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Can Respir J. 2013 May-Jun;20(3):180-2.

Biomarkers in airway diseases.

Author information

  • 1Critical Care Medicine Department, National Institute of Health, Bethesda, Maryland 20892, USA. janice.leung@nih.gov

Abstract

The inherent limitations of spirometry and clinical history have prompted clinicians and scientists to search for surrogate markers of airway diseases. Although few biomarkers have been widely accepted into the clinical armamentarium, the authors explore three sources of biomarkers that have shown promise as indicators of disease severity and treatment response. In asthma, exhaled nitric oxide measurements can predict steroid responsiveness and sputum eosinophil counts have been used to titrate anti-inflammatory therapies. In chronic obstructive pulmonary disease, inflammatory plasma biomarkers, such as fibrinogen, club cell secretory protein-16 and surfactant protein D, can denote greater severity and predict the risk of exacerbations. While the multitude of disease phenotypes in respiratory medicine make biomarker development especially challenging, these three may soon play key roles in the diagnosis and management of airway diseases.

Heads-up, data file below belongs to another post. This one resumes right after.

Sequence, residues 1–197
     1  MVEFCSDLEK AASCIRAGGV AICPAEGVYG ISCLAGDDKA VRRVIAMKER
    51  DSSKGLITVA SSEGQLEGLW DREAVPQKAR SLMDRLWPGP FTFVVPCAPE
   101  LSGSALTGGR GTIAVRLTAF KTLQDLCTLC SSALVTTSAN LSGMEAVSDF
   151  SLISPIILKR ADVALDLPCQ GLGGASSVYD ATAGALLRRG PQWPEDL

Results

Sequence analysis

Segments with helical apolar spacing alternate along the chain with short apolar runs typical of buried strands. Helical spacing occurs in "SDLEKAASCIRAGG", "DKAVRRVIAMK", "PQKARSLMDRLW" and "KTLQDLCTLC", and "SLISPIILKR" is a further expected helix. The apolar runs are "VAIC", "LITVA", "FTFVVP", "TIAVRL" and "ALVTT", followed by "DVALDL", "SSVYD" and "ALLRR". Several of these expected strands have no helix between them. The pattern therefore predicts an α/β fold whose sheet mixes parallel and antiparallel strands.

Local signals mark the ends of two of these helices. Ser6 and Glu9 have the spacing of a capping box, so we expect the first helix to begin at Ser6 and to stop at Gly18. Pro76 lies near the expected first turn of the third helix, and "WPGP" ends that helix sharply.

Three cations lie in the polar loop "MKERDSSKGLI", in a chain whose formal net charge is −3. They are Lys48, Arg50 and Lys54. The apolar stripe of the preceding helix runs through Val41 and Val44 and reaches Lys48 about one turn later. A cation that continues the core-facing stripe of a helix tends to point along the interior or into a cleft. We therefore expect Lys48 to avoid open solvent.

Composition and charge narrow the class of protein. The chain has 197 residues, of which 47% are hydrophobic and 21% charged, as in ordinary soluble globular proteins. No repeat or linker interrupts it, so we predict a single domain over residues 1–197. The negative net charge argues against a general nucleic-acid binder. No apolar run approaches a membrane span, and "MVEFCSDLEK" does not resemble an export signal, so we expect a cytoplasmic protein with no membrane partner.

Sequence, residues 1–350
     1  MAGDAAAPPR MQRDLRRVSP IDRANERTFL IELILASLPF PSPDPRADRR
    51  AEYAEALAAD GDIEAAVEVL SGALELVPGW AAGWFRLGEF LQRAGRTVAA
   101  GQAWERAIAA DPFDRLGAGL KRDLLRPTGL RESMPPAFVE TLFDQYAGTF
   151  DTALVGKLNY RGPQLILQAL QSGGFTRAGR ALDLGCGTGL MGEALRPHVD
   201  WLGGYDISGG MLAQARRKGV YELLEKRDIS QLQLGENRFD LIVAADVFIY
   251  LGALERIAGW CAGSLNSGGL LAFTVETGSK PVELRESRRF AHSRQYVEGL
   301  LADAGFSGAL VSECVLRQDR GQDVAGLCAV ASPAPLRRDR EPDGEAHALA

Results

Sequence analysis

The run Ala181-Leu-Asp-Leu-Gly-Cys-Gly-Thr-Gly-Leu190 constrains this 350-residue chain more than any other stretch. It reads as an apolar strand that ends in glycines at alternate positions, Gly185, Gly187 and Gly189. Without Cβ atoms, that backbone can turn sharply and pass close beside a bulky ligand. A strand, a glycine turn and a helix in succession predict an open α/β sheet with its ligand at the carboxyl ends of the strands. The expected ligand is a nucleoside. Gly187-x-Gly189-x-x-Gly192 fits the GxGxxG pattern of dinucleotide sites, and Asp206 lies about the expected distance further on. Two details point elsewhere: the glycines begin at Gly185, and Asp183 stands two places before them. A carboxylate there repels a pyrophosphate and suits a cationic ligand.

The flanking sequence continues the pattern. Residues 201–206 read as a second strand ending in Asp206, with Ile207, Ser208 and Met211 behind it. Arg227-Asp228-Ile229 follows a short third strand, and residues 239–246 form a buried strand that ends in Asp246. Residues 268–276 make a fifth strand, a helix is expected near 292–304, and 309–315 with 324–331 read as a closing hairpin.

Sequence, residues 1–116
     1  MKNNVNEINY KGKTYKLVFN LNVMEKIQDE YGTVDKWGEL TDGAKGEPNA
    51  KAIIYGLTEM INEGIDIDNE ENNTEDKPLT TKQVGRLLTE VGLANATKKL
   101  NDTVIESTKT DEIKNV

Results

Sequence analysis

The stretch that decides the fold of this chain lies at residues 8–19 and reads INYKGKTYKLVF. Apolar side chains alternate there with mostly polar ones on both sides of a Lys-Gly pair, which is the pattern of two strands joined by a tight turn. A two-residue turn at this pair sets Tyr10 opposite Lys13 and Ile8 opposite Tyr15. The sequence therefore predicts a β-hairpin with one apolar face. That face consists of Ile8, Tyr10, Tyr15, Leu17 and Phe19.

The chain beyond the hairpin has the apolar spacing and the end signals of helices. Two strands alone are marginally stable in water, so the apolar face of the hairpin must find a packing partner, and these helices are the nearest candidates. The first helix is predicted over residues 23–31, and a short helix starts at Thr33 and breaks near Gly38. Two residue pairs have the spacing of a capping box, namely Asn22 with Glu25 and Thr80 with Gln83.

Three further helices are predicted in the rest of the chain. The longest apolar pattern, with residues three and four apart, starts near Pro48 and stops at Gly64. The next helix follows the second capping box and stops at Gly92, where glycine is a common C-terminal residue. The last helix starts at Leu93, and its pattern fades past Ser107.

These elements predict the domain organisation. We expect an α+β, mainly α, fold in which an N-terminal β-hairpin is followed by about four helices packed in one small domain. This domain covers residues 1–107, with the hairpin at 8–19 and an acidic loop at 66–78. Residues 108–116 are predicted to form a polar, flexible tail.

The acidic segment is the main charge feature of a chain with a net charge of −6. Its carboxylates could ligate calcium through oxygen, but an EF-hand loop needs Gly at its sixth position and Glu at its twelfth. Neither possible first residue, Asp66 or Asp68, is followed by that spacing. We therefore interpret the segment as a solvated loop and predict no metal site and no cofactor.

PMID:
23762888
[PubMed - indexed for MEDLINE]
PMCID:
PMC3814266
Free PMC Article
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